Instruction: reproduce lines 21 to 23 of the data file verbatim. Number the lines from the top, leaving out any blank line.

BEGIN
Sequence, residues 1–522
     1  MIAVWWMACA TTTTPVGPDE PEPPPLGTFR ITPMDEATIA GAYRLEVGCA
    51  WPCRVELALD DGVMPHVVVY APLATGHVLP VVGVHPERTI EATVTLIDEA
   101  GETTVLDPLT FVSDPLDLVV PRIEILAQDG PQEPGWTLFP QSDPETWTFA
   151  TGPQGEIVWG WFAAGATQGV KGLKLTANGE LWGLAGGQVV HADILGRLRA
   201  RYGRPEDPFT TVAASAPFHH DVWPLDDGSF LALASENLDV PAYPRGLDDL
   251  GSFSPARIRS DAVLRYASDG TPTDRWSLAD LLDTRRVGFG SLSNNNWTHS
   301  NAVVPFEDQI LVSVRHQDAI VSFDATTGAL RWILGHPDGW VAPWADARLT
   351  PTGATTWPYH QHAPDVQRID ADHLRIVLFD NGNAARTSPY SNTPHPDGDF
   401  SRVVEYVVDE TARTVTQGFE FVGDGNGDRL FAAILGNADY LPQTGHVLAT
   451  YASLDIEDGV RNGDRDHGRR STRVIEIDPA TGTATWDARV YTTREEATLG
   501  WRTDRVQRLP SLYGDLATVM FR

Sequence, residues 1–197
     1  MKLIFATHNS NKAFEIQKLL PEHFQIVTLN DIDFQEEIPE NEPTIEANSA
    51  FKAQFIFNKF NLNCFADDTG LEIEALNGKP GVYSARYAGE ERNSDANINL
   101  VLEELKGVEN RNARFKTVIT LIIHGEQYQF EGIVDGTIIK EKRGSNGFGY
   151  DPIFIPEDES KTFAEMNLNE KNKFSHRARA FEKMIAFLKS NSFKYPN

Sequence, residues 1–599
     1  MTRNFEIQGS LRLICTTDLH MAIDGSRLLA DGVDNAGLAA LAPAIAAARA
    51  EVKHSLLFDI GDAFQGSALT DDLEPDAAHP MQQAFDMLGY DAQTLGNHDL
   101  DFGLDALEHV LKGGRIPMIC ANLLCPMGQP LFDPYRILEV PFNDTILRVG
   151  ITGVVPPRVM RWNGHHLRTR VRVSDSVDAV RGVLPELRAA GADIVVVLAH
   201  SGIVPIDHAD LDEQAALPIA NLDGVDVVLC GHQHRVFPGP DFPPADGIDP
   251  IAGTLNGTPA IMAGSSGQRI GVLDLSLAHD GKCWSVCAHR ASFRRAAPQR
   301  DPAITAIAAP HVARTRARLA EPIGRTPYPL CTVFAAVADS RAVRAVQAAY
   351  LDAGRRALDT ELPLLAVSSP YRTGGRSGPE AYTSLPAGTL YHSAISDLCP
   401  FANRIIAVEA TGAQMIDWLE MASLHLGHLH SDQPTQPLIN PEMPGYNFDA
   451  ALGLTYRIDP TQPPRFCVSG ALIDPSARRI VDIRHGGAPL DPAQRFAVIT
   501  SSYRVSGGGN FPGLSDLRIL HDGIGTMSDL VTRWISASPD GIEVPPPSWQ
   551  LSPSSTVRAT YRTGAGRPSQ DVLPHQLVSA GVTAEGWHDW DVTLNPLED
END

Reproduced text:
   101  DFGLDALEHV LKGGRIPMIC ANLLCPMGQP LFDPYRILEV PFNDTILRVG
   151  ITGVVPPRVM RWNGHHLRTR VRVSDSVDAV RGVLPELRAA GADIVVVLAH
   201  SGIVPIDHAD LDEQAALPIA NLDGVDVVLC GHQHRVFPGP DFPPADGIDP